The sun is out and shining bright. The sky is blue and the grass is green. Summers here and it seems everyone is wanting a new family portrait on the beach, at the park, or in downtown.
Here are some things to keep in mind when creating family portraits:
- Think in “mini-groups”. A family portrait is simply multiple “mini groups” within one large group. Use groups of two’s and three’s to compose your family shot.
- Remember “levels”. One of the most important elements of a group shot is to vary the levels of your subjects. Placing some faces higher than others will allow you to make the shot more intimate in spacing.
- Consider “color”. While color coordination is by no means necessary for group shots, it can help the overall flow. Have your subjects go by types of color, such as “vibrant”, “bold”, “pastels”, etc.
- Watching even lighting, but don’t stress about it. So long as all the eyes are visible, and faces are lit relatively the same, your good to go.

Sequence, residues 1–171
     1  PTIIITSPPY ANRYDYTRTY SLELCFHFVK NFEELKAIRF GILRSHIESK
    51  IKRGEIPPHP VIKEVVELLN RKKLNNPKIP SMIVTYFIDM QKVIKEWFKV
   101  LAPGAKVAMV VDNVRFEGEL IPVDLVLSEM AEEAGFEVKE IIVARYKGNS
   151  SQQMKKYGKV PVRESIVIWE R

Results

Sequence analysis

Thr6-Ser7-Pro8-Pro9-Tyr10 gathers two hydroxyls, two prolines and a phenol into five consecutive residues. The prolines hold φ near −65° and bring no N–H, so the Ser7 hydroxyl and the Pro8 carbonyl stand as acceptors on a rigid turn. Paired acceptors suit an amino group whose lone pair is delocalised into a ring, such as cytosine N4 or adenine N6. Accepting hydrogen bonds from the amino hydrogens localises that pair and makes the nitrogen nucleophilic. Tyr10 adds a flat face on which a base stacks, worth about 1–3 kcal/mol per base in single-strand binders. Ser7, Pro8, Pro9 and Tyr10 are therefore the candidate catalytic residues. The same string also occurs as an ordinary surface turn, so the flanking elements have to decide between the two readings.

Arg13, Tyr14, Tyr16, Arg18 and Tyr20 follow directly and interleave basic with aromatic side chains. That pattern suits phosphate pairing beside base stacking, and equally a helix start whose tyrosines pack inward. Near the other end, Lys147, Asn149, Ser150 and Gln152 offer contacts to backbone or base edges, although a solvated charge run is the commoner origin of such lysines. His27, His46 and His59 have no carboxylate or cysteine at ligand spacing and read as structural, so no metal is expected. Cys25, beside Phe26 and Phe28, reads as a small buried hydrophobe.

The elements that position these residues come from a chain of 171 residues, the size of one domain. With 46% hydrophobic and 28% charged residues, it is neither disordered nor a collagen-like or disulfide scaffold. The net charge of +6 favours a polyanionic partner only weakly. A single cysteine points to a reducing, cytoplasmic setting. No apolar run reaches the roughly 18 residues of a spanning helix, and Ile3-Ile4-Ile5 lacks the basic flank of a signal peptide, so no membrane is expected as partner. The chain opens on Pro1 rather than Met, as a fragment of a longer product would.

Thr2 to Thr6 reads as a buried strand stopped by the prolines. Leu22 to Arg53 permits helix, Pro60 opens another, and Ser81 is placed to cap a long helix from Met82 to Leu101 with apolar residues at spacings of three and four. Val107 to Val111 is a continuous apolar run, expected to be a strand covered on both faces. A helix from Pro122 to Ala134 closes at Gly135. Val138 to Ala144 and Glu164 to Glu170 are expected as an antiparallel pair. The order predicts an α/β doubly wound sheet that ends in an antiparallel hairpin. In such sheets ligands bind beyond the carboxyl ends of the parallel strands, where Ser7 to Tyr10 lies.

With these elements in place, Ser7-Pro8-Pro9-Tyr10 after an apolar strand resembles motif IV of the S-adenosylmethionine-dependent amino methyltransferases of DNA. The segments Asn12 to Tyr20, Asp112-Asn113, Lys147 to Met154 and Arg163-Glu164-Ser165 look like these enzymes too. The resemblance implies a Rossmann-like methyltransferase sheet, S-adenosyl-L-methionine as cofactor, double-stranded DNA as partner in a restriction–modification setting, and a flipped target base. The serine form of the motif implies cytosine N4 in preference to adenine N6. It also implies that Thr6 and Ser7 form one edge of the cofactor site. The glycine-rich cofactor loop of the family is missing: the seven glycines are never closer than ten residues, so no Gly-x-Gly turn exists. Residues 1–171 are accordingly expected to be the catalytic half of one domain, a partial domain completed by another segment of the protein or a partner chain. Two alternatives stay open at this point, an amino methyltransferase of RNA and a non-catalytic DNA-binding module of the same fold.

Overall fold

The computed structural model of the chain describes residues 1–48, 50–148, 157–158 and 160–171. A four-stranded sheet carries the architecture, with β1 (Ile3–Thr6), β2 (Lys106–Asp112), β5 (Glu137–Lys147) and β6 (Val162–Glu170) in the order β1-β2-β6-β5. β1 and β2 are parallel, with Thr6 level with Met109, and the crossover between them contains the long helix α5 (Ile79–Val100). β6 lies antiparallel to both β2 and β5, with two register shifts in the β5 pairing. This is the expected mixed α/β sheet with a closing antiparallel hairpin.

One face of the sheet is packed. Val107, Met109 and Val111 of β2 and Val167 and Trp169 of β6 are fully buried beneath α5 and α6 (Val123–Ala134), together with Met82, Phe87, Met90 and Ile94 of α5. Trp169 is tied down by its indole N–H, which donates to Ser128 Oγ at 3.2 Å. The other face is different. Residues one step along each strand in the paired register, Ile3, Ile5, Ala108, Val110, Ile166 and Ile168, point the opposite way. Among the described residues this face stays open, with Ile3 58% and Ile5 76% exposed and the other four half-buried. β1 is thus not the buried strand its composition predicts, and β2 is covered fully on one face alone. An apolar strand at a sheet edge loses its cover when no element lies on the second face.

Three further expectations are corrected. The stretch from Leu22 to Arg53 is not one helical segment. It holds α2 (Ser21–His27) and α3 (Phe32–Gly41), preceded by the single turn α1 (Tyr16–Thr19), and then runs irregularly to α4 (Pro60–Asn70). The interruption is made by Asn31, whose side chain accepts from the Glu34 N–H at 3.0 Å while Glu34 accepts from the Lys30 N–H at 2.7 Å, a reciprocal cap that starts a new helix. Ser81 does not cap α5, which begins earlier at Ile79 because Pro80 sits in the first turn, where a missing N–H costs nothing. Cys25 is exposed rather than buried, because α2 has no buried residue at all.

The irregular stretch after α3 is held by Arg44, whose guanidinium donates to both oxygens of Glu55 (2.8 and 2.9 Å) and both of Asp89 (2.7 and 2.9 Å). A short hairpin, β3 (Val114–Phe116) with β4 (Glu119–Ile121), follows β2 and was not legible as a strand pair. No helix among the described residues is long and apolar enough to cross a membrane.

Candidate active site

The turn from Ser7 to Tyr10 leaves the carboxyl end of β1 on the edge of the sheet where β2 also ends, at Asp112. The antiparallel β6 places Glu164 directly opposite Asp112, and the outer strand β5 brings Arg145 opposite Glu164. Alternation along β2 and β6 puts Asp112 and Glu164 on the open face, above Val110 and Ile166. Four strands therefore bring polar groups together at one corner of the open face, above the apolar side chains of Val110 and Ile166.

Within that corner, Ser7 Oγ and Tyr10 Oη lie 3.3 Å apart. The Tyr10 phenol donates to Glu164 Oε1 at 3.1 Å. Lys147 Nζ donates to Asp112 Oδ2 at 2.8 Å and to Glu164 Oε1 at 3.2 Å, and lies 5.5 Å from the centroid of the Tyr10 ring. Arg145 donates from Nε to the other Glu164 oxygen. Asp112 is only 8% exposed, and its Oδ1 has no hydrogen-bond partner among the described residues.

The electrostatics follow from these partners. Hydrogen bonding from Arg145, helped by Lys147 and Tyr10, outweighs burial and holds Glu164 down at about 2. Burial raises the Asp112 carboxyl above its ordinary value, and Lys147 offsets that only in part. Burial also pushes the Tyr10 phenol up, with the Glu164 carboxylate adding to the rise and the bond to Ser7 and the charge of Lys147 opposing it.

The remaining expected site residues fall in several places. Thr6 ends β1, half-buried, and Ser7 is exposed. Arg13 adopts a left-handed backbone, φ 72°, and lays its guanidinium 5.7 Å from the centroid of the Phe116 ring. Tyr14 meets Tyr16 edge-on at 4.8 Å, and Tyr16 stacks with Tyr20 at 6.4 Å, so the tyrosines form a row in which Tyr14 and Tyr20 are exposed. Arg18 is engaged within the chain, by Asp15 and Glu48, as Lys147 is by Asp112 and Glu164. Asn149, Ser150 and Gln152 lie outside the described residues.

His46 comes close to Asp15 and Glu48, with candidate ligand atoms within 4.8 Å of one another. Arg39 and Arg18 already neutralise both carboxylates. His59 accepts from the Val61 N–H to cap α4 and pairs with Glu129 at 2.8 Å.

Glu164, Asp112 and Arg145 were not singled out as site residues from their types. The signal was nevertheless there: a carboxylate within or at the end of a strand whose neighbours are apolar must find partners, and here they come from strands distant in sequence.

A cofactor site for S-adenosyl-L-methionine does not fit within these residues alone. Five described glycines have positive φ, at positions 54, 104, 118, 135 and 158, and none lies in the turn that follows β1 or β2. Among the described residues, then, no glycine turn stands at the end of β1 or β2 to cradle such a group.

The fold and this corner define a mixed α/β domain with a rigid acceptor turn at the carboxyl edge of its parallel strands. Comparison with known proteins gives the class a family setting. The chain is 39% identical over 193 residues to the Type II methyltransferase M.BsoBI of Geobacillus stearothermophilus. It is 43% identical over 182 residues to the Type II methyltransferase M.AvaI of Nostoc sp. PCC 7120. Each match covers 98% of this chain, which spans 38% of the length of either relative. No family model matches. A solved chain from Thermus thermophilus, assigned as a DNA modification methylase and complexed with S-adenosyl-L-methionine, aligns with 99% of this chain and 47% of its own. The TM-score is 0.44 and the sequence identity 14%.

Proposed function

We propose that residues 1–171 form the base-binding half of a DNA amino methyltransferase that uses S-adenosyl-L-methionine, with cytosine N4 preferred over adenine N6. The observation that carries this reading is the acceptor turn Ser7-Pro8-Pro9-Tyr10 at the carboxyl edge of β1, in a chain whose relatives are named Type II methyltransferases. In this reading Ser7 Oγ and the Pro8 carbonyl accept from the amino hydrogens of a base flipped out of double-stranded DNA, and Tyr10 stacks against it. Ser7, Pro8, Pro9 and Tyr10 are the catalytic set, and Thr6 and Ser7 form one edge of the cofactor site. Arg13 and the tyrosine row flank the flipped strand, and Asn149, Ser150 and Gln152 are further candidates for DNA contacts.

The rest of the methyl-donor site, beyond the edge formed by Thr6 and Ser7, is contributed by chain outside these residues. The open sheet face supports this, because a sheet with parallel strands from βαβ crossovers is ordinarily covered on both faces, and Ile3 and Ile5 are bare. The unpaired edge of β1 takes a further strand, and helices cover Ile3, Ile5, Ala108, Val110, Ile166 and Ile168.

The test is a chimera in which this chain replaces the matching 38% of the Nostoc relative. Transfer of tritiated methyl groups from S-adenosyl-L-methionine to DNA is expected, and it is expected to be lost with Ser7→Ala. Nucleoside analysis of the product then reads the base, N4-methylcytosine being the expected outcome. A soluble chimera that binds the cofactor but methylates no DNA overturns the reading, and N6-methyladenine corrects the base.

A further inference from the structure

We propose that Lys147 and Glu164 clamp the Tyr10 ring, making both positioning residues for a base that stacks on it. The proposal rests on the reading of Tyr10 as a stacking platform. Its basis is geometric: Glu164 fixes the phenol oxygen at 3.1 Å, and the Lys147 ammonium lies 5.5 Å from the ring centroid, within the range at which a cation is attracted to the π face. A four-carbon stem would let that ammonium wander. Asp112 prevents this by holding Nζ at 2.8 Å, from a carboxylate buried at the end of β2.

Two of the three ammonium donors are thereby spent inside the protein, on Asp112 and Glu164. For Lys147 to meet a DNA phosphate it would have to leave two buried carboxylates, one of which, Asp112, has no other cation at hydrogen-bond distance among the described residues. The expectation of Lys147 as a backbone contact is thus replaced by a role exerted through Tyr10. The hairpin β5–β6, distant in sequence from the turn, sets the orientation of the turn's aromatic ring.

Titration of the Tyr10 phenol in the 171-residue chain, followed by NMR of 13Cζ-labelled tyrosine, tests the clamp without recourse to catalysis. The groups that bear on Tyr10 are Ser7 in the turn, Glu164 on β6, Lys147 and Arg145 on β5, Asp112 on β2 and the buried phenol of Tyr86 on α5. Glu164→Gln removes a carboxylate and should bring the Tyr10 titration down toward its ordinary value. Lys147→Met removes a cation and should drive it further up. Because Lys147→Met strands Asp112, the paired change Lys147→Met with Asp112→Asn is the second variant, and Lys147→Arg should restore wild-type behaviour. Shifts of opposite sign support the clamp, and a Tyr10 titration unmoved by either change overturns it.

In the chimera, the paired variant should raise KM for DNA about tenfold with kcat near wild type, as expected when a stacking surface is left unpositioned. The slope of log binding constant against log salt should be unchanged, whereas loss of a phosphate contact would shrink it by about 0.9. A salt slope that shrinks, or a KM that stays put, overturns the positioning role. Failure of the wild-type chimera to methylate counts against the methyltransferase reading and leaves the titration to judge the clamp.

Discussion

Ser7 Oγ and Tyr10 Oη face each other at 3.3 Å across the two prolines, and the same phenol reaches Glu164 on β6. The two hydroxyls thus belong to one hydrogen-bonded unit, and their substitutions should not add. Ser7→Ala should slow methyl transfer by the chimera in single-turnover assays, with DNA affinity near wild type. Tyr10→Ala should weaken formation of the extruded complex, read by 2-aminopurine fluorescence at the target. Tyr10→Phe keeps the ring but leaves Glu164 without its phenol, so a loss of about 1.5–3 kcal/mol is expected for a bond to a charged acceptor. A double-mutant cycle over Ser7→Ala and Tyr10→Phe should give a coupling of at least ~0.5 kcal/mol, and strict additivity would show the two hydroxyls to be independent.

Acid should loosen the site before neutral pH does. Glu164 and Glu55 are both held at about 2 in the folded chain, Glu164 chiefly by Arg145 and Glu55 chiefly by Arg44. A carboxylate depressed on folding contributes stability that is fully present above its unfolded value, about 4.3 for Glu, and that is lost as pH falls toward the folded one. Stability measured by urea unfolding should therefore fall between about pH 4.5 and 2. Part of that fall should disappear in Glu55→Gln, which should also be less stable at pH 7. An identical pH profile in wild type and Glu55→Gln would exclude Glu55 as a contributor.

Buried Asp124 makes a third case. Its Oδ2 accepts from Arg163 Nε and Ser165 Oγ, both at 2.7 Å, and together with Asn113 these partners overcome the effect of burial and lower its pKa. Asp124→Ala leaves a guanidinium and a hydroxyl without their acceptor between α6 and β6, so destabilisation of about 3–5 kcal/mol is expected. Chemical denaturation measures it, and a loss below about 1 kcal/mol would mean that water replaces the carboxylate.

- Pick shade: As the sun doesn’t set until late in the evening, you’ll have to wait for good sidelight until about 5 pm. If your stuck shooting before this time, find awnings, the shaded back side of buildings, or tree cover to diffuse the harsh sunlight.
- Move quickly: It’s very helpful to try story-boarding your group shots ahead of time according to the number of people you have. The more people you have in a shot, the less time you have to create it. Story-boarding is more about knowing what you want, than it is about formal posing.
- Be fun and spontaneous! Plan to take shots of the families walking, striking a dance pose, linking arms, or jumping in the air. These shots capture genuine expressions among the entire group and help to keep your subjects happy and interested.
- Background work: The larger the party, the less control you have with eliminating your background. Simplify as much as you can by changing the angle you take your shot. Taking the shot from the ground or directly down on your subjects may eliminate enough background to feature the group without distraction.
Most of all, spend some time asking questions of what the family wants. Make a general determination if they are looking for more casual shots, or formal arrangements. So long as you know the general direction of what the family is looking for, you can score big in the capture.